They made the extra Italian Quartz (Silestone) in our house into a cutting board.
Also doubles as a hot plate. Will not crack like granite when subjected to extreme heat. And since it is basically glass, will not absorb carbonates, or anything else. Very sterile, once cleaned. Its lack or porosity is the key.
Quartz does not leave seams or need to be sealed\maintained. Good stuff and that is why it is three times more expensive than granite. Great product choice Mike.

-- Brad, Texas, https://www.youtube.com/user/tonkatoytruck/feed

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MT_Stringer

2853 posts in 2695 days


#8 posted 10-23-2014 01:35 AM



They made the extra Italian Quartz (Silestone) in our house into a cutting board.
Also doubles as a hot plate. Will not crack like granite when subjected to extreme heat. And since it is basically glass, will not absorb carbonates, or anything else. Very sterile, once cleaned. Its lack or porosity is the key.
Quartz does not leave seams or need to be sealedmaintained. Good stuff and that is why it is three times more expensive than granite. Great product choice Mike.

- timbertailor

Thanks. That is why it was chosen. We used it for our buffet. I like it.
A cutting board sounds like a good idea. A hot plate also.

-- Handcrafted by Mike Henderson - Channelview, Texas

View Crank50's profile

Crank50

173 posts in 1040 days


#9 posted 10-23-2014 02:33 AM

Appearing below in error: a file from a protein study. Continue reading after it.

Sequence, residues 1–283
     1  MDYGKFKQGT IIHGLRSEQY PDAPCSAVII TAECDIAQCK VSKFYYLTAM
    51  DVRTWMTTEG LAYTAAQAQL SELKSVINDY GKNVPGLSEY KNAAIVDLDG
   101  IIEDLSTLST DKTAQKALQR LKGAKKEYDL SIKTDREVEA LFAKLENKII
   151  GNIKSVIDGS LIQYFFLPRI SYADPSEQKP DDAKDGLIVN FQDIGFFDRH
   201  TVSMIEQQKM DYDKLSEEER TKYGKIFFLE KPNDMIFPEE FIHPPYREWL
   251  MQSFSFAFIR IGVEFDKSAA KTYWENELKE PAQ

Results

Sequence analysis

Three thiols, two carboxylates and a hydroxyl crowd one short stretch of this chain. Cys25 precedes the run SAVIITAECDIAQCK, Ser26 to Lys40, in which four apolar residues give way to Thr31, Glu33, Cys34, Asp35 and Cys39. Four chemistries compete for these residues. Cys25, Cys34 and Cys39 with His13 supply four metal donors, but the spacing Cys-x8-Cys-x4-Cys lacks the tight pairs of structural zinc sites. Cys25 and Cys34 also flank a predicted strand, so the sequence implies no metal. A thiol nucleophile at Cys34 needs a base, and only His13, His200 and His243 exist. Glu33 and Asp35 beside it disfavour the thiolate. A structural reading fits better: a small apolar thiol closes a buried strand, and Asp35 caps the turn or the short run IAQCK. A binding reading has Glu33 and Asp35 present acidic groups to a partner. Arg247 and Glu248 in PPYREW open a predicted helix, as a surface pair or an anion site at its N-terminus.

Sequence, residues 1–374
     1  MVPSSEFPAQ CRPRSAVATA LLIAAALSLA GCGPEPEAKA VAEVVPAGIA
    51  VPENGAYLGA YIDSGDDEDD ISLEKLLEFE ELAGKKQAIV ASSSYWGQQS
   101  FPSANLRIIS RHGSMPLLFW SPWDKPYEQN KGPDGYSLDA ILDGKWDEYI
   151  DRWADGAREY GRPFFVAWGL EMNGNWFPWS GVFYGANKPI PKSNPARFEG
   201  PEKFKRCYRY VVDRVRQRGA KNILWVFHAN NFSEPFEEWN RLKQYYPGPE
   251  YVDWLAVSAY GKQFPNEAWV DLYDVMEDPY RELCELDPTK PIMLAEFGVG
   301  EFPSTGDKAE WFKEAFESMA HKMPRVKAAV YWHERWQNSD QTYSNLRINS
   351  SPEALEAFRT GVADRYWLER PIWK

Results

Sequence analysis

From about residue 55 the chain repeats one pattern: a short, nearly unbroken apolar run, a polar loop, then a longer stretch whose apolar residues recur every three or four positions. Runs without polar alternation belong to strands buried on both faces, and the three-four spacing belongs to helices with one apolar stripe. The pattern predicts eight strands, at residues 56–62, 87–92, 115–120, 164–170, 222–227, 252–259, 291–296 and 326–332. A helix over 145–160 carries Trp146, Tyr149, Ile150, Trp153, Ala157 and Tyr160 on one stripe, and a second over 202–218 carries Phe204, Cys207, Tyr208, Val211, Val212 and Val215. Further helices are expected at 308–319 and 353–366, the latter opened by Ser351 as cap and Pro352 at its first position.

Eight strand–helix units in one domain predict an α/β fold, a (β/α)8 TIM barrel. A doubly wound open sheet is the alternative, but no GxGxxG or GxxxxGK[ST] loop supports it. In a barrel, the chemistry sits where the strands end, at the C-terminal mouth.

Maybe I’m wrong, but my understanding of Stilestone is that it’s quartz particles bonded together with resin. Therefore, it can be damaged by high heat before granite can. That is basically the recommendation of a Consumer’s Report evaluation and confirmed by my countertop installer. He was as baffled as I was why people pay way more for quartz. He also pointed out that it did not need sealing because it is manufactured from essentially quartz powder and plastic. It is sealed by the nature of its construction. He does like to sell it because it’s a higher profit product and not as easy as granite to break accidentally.

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MT_Stringer

2853 posts in 2695 days


#10 posted 10-23-2014 02:42 AM

Thanks Crank. We already have the Silestone on our buffet. So we stuck with it. My wife likes the idea of no sealing/lo maintenance.

Our buffet

-- Handcrafted by Mike Henderson - Channelview, Texas

View Ger21's profile

Ger21

1047 posts in 2595 days


#11 posted 10-23-2014 02:51 AM

Not sure why anyone would want to use a stone cutting board, if they wanted any chance of keeping their knives sharp?

-- Gerry, http://www.thecncwoodworker.com/index.html http://www.jointcam.com

View MT_Stringer's profile

MT_Stringer

2853 posts in 2695 days


#12 posted 10-23-2014 02:53 AM



Not sure why anyone would want to use a stone cutting board, if they wanted any chance of keeping their knives sharp?

- Ger21

All ideas welcome. Got any?

-- Handcrafted by Mike Henderson - Channelview, Texas

View Kelly's profile

Kelly

1113 posts in 2408 days


#13 posted 10-23-2014 03:24 AM